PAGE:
Like many young male Mormons, Womeldorf joined the Boy Scouts, where he first met his abuser.  Mathias was a methodical, meticulous man who easily spotted the vulnerable and exploited them.  Womeldorf’s father had had to take on extra work and gave up his position as Boy Scoutmaster, giving Mathias more opportunity to groom his victims.  As he was growing older, Tommy was less interested in scouting.  He and his parents had been fighting about it.  His parents finally said he could skip church if he would go to Boy Scouts.  He relented when they also threatened to take away his Ozzy Osborne and Motley Crue posters.  It’s my guess that the tension at home, along with Womeldorf’s father’s extra work hours, had made a perfect storm for Mathias to strike.

Just a warning.  Womeldorf goes into graphic detail about what happened to him when he was alone with his abuser.  I had to stop reading a couple of times because it was sickening to read.  Womeldorf’s mother was totally trusting of Mathias and never had a problem with letting her son visit him alone.  She figured he was a Mormon who was divinely called by God to be a Boy Scout leader.  He had to be safe, right? 

Although Womeldorf and his father reported Mathias to Bishop Brent Griffiths, Griffiths discounted Womeldorf’s story.  Instead of being helpful and supportive, Griffiths changed the direction of the meeting by bringing up Womeldorf’s sins.  Five years later, Craig Mathias was convicted of sexually abusing five Boy Scouts.  However, Womeldorf did not get justice, since his claims were unacknowledged.  Womeldorf writes that had the bishop taken him seriously, those boys would not have had the experiences they did.

In the wake of the abuse, Womeldorf descended into drug addiction, drug dealing, and alcoholism.  His life began to turn around when he met Arlene Ryan, a single mother of an infant daughter.  They eventually started attending the LDS church again and were even profiled in a 2012 issue of the Ensign.  But Tommy soon started feeling very uncomfortable in the church and went inactive.  Two church members came over to his house to assign him a calling…  assistant Boy Scoutmaster.  It was at that point that Womeldorf told the two members that he was pursuing legal action against the church due to their negligence when he was himself a Boy Scout.  And then he sat down to write his book.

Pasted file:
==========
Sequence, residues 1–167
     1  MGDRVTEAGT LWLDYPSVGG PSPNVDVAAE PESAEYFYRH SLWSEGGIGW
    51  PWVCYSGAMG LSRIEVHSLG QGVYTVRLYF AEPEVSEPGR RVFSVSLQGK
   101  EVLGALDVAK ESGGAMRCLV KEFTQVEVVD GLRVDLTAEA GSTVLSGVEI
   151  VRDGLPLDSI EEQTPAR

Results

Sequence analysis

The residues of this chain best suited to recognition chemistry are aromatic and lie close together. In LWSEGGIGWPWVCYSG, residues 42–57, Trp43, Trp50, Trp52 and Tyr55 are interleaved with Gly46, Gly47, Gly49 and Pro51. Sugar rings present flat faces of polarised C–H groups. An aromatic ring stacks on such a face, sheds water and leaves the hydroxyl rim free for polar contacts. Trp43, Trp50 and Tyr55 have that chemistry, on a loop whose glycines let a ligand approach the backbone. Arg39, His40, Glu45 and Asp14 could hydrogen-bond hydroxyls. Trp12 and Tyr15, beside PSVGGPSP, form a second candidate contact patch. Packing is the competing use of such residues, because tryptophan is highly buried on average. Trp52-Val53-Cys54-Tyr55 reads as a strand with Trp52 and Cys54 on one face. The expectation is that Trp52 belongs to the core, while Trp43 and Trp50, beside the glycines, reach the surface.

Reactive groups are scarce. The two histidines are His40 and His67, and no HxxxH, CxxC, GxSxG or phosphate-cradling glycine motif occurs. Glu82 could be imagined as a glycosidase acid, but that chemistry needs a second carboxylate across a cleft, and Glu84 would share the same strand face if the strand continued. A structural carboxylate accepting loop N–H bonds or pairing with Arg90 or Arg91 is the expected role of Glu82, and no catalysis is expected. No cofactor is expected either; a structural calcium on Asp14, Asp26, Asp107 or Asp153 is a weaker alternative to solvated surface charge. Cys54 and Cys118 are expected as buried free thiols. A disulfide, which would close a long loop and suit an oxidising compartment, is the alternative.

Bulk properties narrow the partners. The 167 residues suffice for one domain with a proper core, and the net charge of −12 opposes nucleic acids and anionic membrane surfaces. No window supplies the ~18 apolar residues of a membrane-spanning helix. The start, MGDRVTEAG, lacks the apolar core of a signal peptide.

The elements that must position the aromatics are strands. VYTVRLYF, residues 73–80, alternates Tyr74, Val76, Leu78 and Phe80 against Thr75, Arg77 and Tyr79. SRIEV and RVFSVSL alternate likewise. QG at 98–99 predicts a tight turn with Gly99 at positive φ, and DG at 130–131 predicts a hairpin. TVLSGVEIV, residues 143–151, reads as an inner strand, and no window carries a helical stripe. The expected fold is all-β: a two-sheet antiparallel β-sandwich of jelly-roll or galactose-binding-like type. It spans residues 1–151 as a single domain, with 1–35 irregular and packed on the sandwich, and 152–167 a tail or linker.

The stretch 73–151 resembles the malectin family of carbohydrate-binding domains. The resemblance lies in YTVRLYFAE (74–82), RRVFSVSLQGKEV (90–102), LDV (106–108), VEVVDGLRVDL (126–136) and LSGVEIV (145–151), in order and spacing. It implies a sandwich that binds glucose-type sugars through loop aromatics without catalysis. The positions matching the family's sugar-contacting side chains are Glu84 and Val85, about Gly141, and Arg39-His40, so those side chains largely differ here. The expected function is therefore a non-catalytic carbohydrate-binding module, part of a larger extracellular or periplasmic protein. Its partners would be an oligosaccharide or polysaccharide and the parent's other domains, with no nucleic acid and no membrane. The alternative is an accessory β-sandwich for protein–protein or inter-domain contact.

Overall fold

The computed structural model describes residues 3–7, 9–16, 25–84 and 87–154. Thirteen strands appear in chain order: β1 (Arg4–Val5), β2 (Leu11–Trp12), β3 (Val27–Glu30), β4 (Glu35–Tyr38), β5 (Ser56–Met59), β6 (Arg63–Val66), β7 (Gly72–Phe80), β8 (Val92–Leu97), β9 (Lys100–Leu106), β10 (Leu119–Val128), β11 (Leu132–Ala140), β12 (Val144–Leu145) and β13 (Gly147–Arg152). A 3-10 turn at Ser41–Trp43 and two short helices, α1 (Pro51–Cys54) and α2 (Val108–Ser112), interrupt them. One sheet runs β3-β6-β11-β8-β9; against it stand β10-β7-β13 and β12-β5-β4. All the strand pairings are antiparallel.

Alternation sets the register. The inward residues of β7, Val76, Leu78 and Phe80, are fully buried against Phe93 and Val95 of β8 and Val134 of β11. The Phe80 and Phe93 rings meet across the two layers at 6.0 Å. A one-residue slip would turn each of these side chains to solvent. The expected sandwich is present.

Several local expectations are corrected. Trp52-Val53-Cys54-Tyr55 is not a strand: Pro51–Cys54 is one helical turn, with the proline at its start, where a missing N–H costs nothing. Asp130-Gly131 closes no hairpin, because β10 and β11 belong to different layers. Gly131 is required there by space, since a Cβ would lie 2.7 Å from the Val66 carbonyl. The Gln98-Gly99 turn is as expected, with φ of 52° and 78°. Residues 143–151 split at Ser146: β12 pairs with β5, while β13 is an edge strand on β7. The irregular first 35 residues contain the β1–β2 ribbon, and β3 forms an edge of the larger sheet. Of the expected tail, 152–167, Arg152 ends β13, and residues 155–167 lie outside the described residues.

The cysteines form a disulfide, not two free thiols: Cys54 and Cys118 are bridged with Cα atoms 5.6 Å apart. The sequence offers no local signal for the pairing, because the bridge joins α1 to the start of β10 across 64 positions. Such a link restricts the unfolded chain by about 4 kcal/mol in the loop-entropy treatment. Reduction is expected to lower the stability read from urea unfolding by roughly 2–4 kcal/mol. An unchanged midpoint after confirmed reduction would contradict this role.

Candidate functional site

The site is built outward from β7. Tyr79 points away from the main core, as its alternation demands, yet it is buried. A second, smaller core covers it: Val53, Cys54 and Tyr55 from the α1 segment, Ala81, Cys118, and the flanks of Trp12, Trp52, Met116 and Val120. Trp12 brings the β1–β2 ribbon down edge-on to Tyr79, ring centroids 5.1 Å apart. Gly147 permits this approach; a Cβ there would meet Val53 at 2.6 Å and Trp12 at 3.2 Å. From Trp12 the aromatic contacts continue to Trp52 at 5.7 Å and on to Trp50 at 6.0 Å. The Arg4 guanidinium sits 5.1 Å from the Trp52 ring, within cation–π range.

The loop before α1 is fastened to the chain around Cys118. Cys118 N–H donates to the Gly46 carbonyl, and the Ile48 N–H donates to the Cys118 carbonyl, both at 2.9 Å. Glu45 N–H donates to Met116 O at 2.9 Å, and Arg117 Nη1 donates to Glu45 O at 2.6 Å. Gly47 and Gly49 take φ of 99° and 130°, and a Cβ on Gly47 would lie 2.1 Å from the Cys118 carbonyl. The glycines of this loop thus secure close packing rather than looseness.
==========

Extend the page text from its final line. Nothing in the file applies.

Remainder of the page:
I paid 99 cents for the Kindle version of this book and I think it was money well spent.  I noticed a few minor editing glitches.  For instance, sometimes Womeldorf mixes up words like council versus counsel and prey versus pray.  Overall, though, Scouts Dishonor is a remarkably coherent account, especially given that Womeldorf abused many drugs and drank a lot of booze in the years after his abuse.  It appears that although he’s given up on Mormonism, Womeldorf is now living a clean and sober life with his wife and daughters.  I recommend his book.

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book reviews

A review of Long Way Home, by Cameron Douglas

I’m not sure what prompted me to read Long Way Home (2019), written by Cameron Douglas, son of Michael Douglas and grandson of Kirk Douglas. I think it’s because I read an article or maybe even a book by someone who met him when he was a child and thought he was a nice kid. Nice kids, unfortunately, go off the rails sometimes, particularly when they grow up too privileged and lack discipline. That’s what happened to Cameron Douglas, who has spent a significant part of his life behind bars.

I grew up watching Cameron’s dad, Michael Douglas, in movies like Romancing the Stone, The War of the Roses, and Fatal Attraction. I always liked Michael Douglas. I especially liked him in Romancing the Stone, though the sequel to that film, The Jewel of the Nile, sucked donkey balls. It’s hard to believe that a movie star like Michael Douglas, who is also the son of the late movie star, Kirk Douglas, could produce a son who would get in so much trouble with the law. But Cameron, who is also the son of Diandra Luker, chose a different, destructive path. Now aged 41, he seems to have turned over a new leaf with his partner, Viviane Thibes, and their daughter, Lua Izzy Douglas, who was born December 17, 2017.